A couple of observations coming out of Super Tuesday: The "Phenom" phase of Barack Obama's campaign may be ending. The shine may be off the star. Yes, it's still a tight race between the junior senator from Illinois and the junior senator from New York. But up to this point Obama has had the distinct advantage (and disadvantage) of being less well-known; that era is starting to end.
Most damaging to Obama so far is a New York Times article published several days ago showing he claimed to have "passed" a bill regulating nuclear power plants that never did pass the Senate. Worse yet, he participated in negotiations that watered down the bill to the point of meaninglessness. Lastly, he took campaign contributions worth hundreds of thousands of dollars from executives and employees of Exelon (the company the bill was in part meant to regulate).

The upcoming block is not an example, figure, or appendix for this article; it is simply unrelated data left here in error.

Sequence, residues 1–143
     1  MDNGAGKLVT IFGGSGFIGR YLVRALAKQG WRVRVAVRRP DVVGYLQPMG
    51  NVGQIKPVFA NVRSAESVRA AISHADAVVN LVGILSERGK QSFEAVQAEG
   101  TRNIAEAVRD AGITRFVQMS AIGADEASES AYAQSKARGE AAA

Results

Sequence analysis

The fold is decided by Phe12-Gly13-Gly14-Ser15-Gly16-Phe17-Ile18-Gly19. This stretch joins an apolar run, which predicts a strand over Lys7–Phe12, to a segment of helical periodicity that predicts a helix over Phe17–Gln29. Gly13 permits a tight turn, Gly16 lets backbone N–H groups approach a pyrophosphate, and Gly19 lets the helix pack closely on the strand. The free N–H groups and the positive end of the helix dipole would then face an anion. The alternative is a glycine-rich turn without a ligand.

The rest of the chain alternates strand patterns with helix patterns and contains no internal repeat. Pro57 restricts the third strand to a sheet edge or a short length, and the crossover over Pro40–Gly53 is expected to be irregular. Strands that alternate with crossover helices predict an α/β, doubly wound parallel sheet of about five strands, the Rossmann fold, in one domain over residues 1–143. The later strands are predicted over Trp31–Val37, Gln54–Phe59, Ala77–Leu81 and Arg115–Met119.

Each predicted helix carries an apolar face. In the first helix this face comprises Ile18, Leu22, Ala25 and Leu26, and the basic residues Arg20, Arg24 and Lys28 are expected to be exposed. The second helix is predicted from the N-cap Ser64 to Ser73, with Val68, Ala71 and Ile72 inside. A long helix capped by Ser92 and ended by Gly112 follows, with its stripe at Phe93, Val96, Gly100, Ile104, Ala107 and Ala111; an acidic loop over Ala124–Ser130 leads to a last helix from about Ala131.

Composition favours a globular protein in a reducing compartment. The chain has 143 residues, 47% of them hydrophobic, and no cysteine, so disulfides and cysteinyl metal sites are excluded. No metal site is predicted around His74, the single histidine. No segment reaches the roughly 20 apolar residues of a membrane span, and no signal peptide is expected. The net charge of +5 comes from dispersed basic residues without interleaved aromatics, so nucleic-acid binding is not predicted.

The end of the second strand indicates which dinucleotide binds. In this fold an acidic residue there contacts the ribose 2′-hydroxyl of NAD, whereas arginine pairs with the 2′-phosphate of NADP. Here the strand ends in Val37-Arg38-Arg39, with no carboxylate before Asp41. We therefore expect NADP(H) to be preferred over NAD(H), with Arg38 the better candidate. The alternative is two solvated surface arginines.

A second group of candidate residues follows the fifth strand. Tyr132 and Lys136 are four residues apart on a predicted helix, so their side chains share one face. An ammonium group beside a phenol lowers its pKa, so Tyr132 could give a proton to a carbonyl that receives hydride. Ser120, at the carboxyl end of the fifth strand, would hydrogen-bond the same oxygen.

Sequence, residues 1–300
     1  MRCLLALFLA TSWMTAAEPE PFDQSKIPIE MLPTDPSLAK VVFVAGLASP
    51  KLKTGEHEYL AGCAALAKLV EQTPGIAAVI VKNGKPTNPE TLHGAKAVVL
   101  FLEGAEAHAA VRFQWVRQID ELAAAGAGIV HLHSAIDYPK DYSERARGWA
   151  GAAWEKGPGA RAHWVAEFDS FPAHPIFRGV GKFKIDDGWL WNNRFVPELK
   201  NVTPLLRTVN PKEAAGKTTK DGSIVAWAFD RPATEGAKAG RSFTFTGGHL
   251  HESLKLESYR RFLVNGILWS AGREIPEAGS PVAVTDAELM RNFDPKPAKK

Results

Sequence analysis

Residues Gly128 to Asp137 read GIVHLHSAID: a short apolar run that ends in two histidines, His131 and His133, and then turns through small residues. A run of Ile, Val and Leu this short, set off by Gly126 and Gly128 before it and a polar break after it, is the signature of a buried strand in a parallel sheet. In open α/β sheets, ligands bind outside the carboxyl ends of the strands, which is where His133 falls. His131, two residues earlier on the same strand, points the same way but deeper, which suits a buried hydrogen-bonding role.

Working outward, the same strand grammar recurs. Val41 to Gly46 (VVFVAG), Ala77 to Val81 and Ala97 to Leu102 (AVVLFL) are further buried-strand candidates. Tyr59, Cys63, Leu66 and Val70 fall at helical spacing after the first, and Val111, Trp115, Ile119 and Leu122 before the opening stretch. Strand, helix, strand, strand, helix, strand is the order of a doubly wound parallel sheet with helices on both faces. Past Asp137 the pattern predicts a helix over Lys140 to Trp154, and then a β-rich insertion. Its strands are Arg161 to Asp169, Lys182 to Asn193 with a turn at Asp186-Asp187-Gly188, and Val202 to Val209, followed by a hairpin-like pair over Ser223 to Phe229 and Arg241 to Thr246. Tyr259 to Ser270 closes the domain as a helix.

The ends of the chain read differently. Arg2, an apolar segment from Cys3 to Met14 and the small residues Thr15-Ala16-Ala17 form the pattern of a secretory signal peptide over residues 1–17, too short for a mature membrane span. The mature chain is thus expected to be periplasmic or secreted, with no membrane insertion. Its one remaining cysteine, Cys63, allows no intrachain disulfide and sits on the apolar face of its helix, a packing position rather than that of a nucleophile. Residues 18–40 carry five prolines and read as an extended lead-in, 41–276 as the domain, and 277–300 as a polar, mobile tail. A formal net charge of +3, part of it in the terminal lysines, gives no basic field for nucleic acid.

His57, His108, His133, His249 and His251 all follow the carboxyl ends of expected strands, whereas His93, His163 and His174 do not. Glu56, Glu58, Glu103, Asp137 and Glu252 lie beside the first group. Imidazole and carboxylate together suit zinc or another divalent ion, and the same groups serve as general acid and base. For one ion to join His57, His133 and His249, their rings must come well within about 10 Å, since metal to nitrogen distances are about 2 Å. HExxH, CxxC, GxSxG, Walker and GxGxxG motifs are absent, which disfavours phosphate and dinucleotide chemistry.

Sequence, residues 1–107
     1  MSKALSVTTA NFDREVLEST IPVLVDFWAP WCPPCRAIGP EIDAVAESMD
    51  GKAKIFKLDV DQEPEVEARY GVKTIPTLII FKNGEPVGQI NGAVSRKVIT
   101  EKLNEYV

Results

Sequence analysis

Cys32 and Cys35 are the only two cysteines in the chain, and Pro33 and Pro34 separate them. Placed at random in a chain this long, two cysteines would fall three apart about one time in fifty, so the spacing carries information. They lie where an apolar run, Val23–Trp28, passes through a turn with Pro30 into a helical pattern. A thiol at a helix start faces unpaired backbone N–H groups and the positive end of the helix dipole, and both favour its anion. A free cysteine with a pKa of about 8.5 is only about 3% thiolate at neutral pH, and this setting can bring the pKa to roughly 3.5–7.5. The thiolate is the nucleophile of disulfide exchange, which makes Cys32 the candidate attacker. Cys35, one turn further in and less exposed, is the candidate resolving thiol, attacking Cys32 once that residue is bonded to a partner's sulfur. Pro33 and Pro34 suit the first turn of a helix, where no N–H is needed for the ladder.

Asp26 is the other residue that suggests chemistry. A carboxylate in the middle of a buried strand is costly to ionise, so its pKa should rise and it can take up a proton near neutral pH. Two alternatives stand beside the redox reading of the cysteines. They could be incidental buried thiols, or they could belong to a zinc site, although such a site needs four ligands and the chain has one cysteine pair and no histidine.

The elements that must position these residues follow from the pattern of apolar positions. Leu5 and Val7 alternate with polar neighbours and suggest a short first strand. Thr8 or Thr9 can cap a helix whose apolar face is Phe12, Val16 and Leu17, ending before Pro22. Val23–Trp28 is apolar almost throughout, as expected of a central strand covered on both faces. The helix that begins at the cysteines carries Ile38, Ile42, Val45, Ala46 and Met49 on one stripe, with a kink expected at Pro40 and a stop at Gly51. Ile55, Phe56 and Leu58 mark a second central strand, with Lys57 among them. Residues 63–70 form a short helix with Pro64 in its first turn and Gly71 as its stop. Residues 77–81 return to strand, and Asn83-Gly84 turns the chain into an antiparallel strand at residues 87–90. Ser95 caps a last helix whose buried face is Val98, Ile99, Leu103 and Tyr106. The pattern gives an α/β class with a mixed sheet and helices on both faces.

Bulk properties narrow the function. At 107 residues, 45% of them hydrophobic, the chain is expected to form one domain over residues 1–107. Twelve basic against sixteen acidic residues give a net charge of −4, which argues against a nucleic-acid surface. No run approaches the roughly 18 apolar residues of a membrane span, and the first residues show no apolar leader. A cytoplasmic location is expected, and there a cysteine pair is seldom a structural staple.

We can all expect to see more of the same as reporters dig deeper into Obama's record.
Here's another media hit against him that is bound to be used against Obama if he claims the Democratic nomination:
The National Journal last week named him the "most liberal" member of the Senate. That's a great title to claim in the middle of the primaries, when the most liberal Democratic voters are heading to the polls. But it's nothing but an albatross heading into a general election, when Republicans will be looking under every tablecloth to find a way to tag the Democratic nominee as "too liberal" for the country.